Saturday, December 31, 2016

Reflections on the South

I was born in Colombo but am reluctant to call it home. What is home, anyway? Is it necessarily predicated on where you grew up with your family? Perhaps, but not quite. I’ve come to believe that “home” is as multifaceted as everything else in this wide universe of ours, and while one cannot and should not claim that one is rooted to one particular place, it’s certainly true that, to twist and contort an oft-quoted phrase, home is where the heart should be. For me then, Colombo is not home. There are reasons for this (and I will get down to them later), all of which congeal to one basic point: my heart was and always will be in the South.

Yes, the South. That much loved region. Much abused too, because in arguably the biggest tragedy we as a community continue to encounter, we are wont to trash the outsider, the bumpkin, the outstation resident. We shouldn’t rejoice at it, but that is a reality we must acknowledge.

I confess I don’t know half the things that make up the South as those who live there do, but that shouldn’t stop one from assessing its historical import. It is in the South that this country sought refuge in, that continues to boost the numbers of those entering the Armed Forces, and that cradles our civilization.

There are many reasons to like a place and many reasons to hate it. There are a great many reasons to claim pride as a resident of the South. Starting with its people.

From Ambalangoda to Matara, from Matara to Hambanthota, you come across the most hospitable citizens in this country. Yes, you come across emotionally invested people as well, those who choose to express their hopes, aspirations, and fears in ways derided as too unbecoming by those who wear lounge suits and drink coffee in luxury suites. But I prefer the brutally honest to the painfully pretentious. Those from that region voice their aspirations frankly and honesty. I like being frank and I like being honest. Therefore, I like the Southerner.

I know of people who are ashamed to trace their ancestry there. Why, though? What is there to be ashamed about? Their way of engaging with other people? Why are we so obsessed with hiding behind a façade of sophistication, pretending to things we can’t really claim? It’s a virtual rat-race in the city, and in the South, no matter how urbanised you may be, you just don’t let go of those values that demarcate the hospitality for which we as a country have become famous. Is that cause for shame? Certainly not.

Sure, Galle is no Cinnamon Gardens and I know that we are, from an early age, groomed to inhabit the most elegant and cosmopolitan places this country has to offer. It’s a tragedy that we are never taught to keep our feet in both worlds, that is, to both be rooted and be accommodative of the rest of the world. The South is derided, rather unfairly, as a repository for frogs in the well. In this rush to rid ourselves of frogs, we forget one key thing: that the real wells are the ones we inhabit, as we force ourselves to be classier and more pretentious than we are now. If by sophistication you mean being uprooted and culturally castrated hence, then I’d rather be a frog. And I’d rather die a frog.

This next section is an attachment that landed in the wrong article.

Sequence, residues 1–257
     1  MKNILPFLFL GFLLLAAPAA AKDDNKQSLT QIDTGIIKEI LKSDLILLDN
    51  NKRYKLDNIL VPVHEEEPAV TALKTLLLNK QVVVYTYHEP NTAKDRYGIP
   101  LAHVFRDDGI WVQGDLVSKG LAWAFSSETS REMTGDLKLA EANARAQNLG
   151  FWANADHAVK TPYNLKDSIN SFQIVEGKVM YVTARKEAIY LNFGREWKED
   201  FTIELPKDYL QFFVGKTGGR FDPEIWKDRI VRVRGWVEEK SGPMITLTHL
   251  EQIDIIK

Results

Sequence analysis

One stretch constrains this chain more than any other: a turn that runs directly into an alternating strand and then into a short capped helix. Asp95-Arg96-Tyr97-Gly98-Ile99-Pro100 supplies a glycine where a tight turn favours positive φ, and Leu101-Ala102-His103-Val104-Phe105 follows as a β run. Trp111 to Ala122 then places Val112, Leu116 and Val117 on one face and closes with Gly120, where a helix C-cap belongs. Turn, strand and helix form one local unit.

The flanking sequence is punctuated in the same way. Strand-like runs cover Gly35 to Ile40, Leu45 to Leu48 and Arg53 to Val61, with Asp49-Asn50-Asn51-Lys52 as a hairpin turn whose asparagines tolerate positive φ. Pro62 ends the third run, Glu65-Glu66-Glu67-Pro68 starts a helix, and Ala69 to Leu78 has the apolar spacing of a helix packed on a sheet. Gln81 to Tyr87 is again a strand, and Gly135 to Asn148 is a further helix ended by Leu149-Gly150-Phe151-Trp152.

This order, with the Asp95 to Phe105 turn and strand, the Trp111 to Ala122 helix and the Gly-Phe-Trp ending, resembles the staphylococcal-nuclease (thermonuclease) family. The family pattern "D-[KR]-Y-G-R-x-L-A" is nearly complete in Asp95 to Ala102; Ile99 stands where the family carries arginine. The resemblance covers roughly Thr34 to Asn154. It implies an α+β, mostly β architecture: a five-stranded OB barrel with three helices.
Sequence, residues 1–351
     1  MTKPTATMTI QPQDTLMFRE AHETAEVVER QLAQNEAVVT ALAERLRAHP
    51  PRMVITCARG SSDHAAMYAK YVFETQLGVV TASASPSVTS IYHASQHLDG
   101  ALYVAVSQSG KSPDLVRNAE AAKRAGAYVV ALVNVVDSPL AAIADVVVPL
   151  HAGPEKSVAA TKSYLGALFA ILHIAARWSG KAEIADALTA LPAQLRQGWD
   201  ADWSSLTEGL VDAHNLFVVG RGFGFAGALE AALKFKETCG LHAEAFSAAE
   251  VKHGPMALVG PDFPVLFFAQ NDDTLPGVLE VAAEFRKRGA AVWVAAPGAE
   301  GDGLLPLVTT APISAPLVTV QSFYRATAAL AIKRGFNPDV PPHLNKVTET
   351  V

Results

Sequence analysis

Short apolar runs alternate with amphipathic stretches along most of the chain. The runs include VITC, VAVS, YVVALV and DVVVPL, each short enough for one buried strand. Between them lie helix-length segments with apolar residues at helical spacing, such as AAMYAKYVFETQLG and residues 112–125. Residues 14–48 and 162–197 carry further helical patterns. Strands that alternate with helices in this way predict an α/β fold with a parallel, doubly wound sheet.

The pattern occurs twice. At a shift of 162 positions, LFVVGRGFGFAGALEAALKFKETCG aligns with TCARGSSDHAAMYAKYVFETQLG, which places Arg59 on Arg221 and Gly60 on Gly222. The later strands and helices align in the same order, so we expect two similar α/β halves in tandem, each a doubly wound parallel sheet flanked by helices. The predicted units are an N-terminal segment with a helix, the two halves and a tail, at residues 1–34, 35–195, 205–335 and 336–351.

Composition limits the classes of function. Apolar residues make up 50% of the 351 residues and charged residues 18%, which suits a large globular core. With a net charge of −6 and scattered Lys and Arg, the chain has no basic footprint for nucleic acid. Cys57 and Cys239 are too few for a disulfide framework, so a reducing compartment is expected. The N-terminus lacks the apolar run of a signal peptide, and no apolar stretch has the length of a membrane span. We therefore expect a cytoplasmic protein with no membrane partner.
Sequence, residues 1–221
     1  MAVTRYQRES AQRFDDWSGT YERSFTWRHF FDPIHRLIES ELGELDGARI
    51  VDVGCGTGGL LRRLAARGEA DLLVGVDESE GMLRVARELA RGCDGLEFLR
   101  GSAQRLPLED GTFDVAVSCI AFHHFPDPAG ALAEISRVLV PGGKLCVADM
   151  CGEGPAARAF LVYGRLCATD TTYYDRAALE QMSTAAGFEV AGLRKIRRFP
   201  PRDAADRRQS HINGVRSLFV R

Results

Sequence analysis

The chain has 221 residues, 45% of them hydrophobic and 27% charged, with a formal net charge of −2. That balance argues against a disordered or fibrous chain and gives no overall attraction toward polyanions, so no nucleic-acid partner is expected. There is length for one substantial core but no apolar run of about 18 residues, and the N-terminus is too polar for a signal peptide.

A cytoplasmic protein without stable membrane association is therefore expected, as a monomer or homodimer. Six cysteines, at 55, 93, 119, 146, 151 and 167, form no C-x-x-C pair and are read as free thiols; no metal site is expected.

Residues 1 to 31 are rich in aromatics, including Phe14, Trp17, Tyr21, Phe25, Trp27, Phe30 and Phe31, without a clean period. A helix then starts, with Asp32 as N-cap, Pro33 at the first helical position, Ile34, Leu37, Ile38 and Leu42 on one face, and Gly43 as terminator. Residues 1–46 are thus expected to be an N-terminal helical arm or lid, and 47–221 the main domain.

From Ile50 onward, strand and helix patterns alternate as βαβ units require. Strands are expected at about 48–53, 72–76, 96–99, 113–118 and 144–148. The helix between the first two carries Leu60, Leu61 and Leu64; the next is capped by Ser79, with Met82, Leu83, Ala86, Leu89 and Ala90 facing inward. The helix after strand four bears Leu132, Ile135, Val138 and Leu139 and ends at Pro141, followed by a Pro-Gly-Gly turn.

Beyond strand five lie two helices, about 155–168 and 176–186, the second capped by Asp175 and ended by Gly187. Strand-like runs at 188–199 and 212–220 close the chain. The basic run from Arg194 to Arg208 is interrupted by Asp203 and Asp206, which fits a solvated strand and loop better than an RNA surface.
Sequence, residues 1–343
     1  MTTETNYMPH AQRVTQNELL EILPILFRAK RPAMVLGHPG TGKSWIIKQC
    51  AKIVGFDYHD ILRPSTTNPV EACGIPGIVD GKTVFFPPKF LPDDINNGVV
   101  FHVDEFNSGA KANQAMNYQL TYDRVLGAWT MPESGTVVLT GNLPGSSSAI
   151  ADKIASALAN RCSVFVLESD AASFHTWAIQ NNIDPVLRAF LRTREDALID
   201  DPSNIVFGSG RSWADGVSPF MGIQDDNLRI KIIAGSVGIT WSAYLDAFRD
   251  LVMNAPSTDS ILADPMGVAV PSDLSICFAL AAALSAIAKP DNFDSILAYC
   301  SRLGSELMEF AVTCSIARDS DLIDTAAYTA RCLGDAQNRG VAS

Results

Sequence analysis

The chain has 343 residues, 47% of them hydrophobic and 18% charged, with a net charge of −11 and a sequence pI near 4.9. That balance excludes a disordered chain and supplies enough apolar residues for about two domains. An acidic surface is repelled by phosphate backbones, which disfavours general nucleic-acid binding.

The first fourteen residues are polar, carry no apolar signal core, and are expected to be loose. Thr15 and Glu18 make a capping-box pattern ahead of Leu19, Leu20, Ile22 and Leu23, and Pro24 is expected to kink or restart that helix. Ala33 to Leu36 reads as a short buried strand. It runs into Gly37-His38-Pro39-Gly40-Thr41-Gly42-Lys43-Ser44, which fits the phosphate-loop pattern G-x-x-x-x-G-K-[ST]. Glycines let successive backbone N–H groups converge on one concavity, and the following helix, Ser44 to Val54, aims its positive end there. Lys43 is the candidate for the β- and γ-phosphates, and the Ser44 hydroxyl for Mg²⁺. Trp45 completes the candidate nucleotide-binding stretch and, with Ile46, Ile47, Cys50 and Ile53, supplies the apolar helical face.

I am yet to come across another part of this country where people are as ready to serve their guests with so much food. Whether you announce your arrival in advance or not, whether they know that you are coming or not, they are ready. They may be busy, but they are still able to fill you up. I have gone to other places, I have announced my arrival weeks in advance, but I have unfortunately come across people who, while being apologetic, try to prevail on me to wait hours before they cook up their dinner. Secretly they are glad to see me go, so that they don’t have to spend bucks on me. They don’t even serve tea.

The Southerner is not like that. Never was, never will be.

It’s not just the people of course. It’s the culture and the history. I confess I am a dud at both these fields, but it doesn’t take much to realise that there is a sense of belonging and rootedness in the Southerner which is virtually unparalleled. They can be quite vocal about it as well, and this has, through the years, attracted censure. That however tends to marginalise the moderate, a species of human beings that is not rare in the region. Yes, there are those who contend for coexistence, who are genuinely suspicious of demagogues, and who prefer living with other communities. It’s just that the cosmopolite, in his or her quest to unearth everything wrong in the country, attributes the discordant voice of the communalist to the South. A sign of bankruptcy, no doubt.